The Printer and The Strumpet (The Misadventures of Leeds Merriweather Book 2)

Written by Larry Brill
Review by Anna Belfrage

It’s 1773, and tensions are swelling in Boston, Massachusetts. On the one side, the Sons of Liberty are becoming increasingly vociferous, demanding rights to representation; on the other, the Loyalists are prepared to do whatever it takes to crush these dangerous potential traitors. For Leeds Merriweather, exiled Englishman and newspaper owner, life has become a balancing act, one in which he attempts to represent the voice of reason because surely no one wants outright war. Or?

But when the governor and his cronies start blackmailing Leeds into publishing their version of the news—alternate facts, as they call them—our hero suddenly discovers the American within. Helped by brothel madam Sally Hughes, a lady of burning conviction with an efficient information network, Leeds Merriweather sets out to tell things as they are despite moments of paralysing fear. After all, what won’t a man do to impress the woman who, with a couple of fainting spells, has stolen his heart?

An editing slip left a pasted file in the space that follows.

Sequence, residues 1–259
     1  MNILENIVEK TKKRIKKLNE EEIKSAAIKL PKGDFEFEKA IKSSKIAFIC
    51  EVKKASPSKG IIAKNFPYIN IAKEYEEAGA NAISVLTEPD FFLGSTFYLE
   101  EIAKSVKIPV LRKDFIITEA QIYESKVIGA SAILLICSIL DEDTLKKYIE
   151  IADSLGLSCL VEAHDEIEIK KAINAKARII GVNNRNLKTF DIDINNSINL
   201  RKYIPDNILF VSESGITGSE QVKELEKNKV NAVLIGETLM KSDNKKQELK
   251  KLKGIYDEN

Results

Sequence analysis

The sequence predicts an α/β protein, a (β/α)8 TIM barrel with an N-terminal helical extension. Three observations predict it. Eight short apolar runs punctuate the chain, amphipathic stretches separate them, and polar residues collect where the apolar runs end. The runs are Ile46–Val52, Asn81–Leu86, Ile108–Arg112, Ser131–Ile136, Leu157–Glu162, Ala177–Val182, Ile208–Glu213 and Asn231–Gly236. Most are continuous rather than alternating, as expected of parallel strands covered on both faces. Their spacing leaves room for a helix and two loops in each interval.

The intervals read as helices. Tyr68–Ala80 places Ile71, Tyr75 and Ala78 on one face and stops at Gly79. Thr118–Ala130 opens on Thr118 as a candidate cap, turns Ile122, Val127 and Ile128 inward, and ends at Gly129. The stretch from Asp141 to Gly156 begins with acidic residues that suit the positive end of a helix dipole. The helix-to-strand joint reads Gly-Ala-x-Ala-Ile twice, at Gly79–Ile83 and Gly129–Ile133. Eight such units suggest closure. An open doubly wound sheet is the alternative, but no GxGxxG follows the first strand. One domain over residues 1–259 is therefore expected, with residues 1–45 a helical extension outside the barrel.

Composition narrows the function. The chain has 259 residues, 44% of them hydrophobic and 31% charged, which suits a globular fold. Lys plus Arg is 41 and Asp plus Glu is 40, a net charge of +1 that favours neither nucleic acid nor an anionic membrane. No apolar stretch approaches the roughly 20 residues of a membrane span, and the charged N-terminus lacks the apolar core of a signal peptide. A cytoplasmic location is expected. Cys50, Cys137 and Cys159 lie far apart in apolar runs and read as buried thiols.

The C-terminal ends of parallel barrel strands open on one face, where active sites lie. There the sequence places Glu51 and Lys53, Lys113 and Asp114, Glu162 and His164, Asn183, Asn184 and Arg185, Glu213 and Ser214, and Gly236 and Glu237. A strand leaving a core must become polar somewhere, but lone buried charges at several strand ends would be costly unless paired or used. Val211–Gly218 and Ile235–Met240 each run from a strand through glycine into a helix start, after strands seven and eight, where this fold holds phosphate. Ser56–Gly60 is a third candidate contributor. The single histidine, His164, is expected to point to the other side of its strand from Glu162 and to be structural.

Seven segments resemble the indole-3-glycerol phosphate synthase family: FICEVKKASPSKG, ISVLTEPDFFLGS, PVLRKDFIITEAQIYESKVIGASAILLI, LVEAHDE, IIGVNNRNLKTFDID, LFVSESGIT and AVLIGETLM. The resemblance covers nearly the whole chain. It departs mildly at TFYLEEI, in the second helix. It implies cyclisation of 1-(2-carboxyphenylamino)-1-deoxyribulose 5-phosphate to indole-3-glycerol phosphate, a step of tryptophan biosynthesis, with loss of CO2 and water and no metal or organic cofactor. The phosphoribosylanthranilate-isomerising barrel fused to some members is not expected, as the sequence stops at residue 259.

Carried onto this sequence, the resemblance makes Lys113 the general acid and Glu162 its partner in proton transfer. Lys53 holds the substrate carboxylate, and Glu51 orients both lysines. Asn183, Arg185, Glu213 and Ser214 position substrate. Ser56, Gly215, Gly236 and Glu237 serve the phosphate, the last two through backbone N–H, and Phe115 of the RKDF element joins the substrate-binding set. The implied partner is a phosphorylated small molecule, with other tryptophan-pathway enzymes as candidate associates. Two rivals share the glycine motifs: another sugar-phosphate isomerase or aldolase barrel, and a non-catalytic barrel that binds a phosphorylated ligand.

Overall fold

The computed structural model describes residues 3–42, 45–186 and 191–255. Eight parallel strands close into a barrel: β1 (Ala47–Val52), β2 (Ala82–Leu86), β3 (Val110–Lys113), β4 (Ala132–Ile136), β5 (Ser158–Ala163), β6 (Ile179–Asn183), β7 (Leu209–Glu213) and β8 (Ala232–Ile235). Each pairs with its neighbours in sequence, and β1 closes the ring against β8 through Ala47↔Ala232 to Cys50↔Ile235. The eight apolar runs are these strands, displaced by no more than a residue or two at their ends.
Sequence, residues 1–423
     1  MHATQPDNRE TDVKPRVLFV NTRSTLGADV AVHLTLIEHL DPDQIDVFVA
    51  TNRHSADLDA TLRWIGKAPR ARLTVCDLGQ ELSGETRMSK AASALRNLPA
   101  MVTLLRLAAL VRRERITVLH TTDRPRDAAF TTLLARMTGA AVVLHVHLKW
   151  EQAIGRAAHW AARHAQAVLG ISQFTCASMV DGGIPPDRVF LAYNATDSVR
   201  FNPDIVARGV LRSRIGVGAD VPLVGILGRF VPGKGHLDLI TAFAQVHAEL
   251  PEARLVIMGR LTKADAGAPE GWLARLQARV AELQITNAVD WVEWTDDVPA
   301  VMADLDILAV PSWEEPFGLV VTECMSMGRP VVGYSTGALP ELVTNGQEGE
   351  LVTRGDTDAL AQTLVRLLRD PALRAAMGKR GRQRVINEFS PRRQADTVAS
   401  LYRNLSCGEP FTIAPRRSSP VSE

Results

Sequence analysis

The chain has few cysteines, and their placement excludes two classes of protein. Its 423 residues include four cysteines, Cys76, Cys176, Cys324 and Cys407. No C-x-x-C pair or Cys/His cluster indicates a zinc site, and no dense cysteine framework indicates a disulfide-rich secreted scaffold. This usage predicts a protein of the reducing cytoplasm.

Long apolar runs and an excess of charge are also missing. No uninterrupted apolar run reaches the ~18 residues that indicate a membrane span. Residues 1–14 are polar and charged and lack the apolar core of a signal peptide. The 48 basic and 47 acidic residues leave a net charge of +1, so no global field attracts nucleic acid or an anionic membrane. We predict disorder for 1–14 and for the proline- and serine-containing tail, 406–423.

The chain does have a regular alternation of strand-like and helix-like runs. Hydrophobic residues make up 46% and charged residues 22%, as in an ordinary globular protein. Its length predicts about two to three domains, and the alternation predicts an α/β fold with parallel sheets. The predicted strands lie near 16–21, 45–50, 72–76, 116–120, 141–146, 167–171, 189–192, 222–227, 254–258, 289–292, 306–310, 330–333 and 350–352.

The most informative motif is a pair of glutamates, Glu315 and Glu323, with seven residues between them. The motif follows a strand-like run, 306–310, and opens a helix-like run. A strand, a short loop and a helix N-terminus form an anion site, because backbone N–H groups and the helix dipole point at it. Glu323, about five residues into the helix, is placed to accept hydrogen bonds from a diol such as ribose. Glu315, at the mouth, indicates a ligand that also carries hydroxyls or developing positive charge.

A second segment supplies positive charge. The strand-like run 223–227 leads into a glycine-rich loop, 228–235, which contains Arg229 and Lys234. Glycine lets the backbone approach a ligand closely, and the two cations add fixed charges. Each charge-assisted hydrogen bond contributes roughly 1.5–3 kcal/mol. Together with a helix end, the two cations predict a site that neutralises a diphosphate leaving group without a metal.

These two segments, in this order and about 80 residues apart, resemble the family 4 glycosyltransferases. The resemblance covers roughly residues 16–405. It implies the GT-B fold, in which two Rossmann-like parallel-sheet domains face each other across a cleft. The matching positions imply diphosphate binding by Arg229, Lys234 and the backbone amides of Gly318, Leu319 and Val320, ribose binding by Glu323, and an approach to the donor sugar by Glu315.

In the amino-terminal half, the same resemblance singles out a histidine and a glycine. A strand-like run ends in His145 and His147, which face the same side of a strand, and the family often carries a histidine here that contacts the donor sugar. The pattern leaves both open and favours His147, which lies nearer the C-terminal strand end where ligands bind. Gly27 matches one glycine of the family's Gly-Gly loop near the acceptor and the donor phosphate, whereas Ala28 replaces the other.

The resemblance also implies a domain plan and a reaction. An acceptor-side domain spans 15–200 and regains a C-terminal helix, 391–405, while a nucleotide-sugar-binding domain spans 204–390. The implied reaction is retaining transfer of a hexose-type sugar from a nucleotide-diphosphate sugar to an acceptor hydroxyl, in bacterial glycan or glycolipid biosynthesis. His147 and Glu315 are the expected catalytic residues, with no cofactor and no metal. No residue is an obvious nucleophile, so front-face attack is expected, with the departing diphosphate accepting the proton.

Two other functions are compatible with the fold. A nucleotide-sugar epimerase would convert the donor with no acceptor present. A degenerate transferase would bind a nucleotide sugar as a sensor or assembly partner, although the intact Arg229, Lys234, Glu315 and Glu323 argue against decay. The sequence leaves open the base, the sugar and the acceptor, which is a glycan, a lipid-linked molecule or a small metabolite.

The Printer and the Strumpet is an engaging read. It bubbles and fizzes with joie de vivre, this despite the excellent descriptions of increasing political tensions that eventually explode into violence. Has Mr. Brill done his research? Indubitably. More importantly, he breathes life into the historical people that prance across his pages. Well, they don’t all prance: General Gage is too heavy-footed for that. Mr. Brill’s prose is fresh and vibrant and, at times, a tad too modern, but this enhances the read, delivering dialogue that sparkles with wit. Yes, now and then I spot an anachronism, but the pace, the energy, and the vivid characters more than compensate for this.

I close The Printer and the Strumpet with a new favourite expletive (“flog the frog”) and a new favourite acronym, WWBFD: What Would Benjamin Franklin Do. Warmly recommended!